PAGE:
A trader on the floor of the New York Stock Exchange (NYSE) on Thursday, November 18, 2021.
Michael Nagel | Bloomberg | Getty Images
Stock futures indicated a rebound after Friday’s big sell-off as investors watch the latest developments related to the Covid-Omicron variant and assess its potential market impact.
Futures on the Dow Jones Industrial Average gained 255 points, or 0.7%. S&P 500 futures rose 0.9% and Nasdaq 100 futures rose 1%.
Stocks come from a holiday-cut session on Friday when the Dow had its worst day since October 2020. The Dow lost 905 points, or 2.5%. The S&P 500 lost 2.3% and the Nasdaq Composite lost 2.2%. The three main indices were negative for the week.
The World Health Organization called the Omicron strain a “worrying variant” on Friday. While scientists continue to research the variant, the large number of mutations in omicron has sounded the alarm. Preliminary evidence suggests that the strain has an increased risk of reinfection, according to the WHO. The variant was first reported to the WHO from South Africa and has been found in the UK, Israel, Belgium, the Netherlands, Germany, Italy, Australia and Hong Kong, but not yet in the US.Many countries, including the US, are after. Restrict travel to southern Africa.
The South African doctor who first sounded the alarm about the new variant told the BBC that the patients had “extremely mild” symptoms, even though it was too early to determine how Omicron was behaving before it was examined closely.
“While it’s too early to be definitive, early data reported suggests that Omicron virus causes ‘mild to moderate’ symptoms (less severe) and is more easily transmitted,” tweeted Bill Ackman of Pershing Square Capital Management on Sunday evening . “If this turns out to be true, it is bullish for the markets, not bearish.”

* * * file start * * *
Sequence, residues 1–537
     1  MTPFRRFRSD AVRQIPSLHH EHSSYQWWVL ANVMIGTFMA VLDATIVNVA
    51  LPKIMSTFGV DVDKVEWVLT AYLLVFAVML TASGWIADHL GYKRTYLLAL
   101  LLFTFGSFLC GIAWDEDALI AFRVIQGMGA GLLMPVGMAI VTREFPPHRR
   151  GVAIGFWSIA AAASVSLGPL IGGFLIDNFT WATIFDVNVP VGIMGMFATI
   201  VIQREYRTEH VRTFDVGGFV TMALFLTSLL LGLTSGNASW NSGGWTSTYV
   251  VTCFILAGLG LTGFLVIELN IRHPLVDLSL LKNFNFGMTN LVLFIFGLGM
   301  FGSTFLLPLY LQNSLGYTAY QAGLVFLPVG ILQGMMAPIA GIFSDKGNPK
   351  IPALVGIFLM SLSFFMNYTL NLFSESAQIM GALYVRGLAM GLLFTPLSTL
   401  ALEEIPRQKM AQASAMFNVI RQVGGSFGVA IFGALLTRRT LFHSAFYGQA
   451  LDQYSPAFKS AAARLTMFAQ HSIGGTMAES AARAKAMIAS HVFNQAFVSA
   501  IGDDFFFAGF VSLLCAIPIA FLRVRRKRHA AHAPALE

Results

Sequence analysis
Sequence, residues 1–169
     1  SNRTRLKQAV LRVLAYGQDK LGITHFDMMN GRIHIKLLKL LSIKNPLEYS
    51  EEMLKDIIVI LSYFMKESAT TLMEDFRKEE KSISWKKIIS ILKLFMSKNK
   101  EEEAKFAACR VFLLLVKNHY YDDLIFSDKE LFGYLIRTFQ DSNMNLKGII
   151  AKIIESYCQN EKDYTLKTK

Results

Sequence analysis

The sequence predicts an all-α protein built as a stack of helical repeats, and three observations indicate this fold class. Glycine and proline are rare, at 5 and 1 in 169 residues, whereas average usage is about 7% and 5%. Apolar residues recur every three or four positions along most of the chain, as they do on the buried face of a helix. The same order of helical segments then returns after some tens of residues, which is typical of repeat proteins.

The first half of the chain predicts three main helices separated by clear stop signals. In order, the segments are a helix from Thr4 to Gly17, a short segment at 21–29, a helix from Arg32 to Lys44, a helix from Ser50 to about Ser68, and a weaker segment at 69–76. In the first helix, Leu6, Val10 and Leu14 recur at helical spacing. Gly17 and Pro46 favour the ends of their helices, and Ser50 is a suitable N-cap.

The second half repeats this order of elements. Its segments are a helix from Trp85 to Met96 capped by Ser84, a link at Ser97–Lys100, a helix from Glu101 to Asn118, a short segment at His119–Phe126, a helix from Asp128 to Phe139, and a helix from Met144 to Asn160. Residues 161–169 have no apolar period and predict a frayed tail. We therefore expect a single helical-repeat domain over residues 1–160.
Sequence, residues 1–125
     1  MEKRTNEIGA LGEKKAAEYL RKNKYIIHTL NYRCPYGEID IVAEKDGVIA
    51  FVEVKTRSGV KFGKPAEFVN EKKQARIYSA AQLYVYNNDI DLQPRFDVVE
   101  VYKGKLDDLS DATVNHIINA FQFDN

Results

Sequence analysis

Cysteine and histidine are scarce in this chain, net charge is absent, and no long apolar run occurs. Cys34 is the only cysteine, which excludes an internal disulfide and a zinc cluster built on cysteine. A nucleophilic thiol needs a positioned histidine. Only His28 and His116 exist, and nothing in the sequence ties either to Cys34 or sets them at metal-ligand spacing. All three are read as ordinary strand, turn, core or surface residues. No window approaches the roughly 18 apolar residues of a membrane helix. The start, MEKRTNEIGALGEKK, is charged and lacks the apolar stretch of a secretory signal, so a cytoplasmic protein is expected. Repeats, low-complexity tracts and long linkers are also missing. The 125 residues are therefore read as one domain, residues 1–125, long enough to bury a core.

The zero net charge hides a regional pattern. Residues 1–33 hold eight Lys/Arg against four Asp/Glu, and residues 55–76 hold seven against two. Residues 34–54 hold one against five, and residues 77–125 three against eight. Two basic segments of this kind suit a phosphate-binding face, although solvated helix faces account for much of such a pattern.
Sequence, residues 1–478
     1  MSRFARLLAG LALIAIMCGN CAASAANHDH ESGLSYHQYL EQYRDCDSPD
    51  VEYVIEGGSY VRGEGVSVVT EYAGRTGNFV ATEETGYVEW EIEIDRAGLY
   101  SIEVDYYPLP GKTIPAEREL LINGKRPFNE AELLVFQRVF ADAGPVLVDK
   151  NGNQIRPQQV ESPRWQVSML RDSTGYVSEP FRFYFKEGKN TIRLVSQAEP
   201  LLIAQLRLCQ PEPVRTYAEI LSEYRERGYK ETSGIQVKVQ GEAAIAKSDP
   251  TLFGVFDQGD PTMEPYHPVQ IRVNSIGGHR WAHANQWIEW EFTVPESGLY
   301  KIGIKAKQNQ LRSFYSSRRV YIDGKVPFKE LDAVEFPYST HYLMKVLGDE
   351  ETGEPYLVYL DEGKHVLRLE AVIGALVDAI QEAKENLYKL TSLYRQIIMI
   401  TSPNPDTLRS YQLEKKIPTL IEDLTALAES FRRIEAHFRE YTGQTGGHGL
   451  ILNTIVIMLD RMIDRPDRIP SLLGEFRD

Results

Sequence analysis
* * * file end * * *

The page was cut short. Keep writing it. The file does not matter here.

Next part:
Stocks, which were hardest hit on Friday, rallied the most on Monday.
Travel-related stocks rose across the board. Carnival and Norwegian cruise lines both gained more than 4% in pre-trading. American, Delta and United Airlines each gained more than 2%. The booking inventory increased by 2%. Boeing gained 1.7%.
“We would be aggressive buyers of this pullback,” Fundstrat’s Tom Lee wrote in a customer note on Sunday evening. “As with the beta and delta variants, the ‘bark’ in each of these precedents has proven worse than the bite. The market slaughter, in our view, will be short-lived and temporary.”
10-year government bond yields bounced back over 1.5% after a flight to safety on Friday caused investors to climb into bonds and lower interest rates (prices move in the opposite direction to yields). Bank of America, American Express, and other financial stocks benefited from the recovery in returns.
One stock that continued its Friday trend was Moderna. The vaccine maker’s stock rose another 10% in pre-trading hours after rising 20% on Friday.
Vaccine manufacturers have announced measures to investigate Omicron, with testing already ongoing. While it remains to be seen how Omicron will respond to current vaccines or whether new formulations will be required, Paul Burton, Chief Medical Officer of Moderna, said on Sunday that the vaccine maker will launch a newly formulated vaccine against the Omicron variant early next year could.
In addition to Covid developments, investors can also expect key economic data to be released this week.
Friday’s November jobs report is expected to show solid employment growth. Economists polled by Dow Jones expect 581,000 new jobs in November. The Institute of Supply Management industry survey is due out Wednesday, and economists expect strong results as well.
“The pandemic and COVID variants remain one of the greatest risks to the markets and are likely to continue to create volatility for the next few years. It’s hard to say right now how sustainable or effective this newest twist will be in the markets. “Keith Lerner, Co-Chief Investment Officer at Truist Advisory Services, said in a note Friday.